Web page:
A companion volume to a collaborative exhibition organized by the Newberry Library and the Terra Foundation for American Art, Home Front is the first book to expose the visual culture of a world far removed from the horror of war yet intimately bound to it.

Humanities’ Mirror

Humanities’ Mirror: Reading at the Newberry, 1887-1987

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With 30 color photographs and illustrations, this catalog from the Newberry Librarys Centennial exhibit in 1987 provides a modest yet rich introduction to the Newberry’s remarkable history and collections. 

Prints in Translation 1450-1750

Prints in Translation, 1450-1750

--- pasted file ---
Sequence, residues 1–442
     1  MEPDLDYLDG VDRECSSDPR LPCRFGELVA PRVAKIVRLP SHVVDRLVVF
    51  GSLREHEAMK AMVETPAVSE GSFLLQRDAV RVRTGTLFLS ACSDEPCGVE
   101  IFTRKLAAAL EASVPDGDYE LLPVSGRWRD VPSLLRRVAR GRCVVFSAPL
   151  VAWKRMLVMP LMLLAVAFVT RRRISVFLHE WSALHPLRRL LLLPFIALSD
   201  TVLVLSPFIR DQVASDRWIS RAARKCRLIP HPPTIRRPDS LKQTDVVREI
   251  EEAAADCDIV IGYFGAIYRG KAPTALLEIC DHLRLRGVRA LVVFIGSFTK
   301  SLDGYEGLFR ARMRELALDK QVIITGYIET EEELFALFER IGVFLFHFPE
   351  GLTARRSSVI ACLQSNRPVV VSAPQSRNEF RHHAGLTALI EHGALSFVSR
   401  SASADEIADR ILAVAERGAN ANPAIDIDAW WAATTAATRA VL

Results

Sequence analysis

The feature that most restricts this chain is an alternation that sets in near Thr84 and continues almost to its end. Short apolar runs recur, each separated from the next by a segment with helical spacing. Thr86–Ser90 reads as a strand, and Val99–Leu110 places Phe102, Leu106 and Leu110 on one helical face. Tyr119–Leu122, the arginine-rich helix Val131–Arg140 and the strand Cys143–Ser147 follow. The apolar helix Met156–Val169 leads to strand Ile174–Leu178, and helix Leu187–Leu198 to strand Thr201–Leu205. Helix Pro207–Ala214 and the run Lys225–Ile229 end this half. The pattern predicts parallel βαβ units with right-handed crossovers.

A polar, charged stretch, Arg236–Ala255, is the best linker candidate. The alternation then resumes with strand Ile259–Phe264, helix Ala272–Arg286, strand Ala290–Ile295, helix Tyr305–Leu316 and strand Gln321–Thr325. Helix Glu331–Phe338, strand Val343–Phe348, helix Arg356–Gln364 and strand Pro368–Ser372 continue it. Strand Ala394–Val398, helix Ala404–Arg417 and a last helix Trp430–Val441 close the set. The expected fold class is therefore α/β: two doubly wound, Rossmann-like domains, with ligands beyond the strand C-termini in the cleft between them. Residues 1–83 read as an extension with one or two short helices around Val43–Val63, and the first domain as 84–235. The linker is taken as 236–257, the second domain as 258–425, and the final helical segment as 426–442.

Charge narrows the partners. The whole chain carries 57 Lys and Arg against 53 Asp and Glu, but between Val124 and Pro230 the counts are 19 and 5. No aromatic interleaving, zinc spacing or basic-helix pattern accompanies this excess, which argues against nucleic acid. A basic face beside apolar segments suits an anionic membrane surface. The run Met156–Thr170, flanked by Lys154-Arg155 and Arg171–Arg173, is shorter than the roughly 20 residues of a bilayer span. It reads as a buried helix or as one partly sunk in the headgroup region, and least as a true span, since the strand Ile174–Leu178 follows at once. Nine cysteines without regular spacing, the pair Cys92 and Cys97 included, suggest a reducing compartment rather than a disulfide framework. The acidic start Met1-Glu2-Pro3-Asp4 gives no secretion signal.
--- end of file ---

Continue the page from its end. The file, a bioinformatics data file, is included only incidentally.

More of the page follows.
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Printed artworks were often ephemeral, but in the early modern period, exchanges between print and other media were common, setting off chain reactions of images and objects that endured. Paintings, sculpture, decorative arts, musical or scientific instruments, and armor exerted their own influence on prints, while prints provided artists with paper veneers, templates, and sources of adaptable images. This interdisciplinary collection unites scholars from different fields of art history who elucidate the agency of prints on more traditionally valued media, and vice-versa. Contributors explore how, after translations across traditional geographic, temporal, and material boundaries, original 'meanings' may be lost, reconfigured, or subverted in surprising ways, whether a Netherlandish motif graces a cabinet in Italy or the print itself, colored or copied, is integrated into the calligraphic scheme of a Persian royal album. These intertwined relationships yield unexpected yet surprisingly prevalent modes of perception. Andrea Mantegna's 1470/1500 Battle of the Sea Gods, an engraving that emulates the properties of sculpted relief, was in fact reborn as relief sculpture, and fabrics based on print designs were reapplied to prints, returning color and tactility to the very objects from which the derived. Together, the essays in this volume witness a methodological shift in the study of print, from examining the printed image as an index of an absent invention in another medium - a painting, sculpture, or drawing - to considering its role as a generative, active agent driving modes of invention and perception far beyond the locus of its production.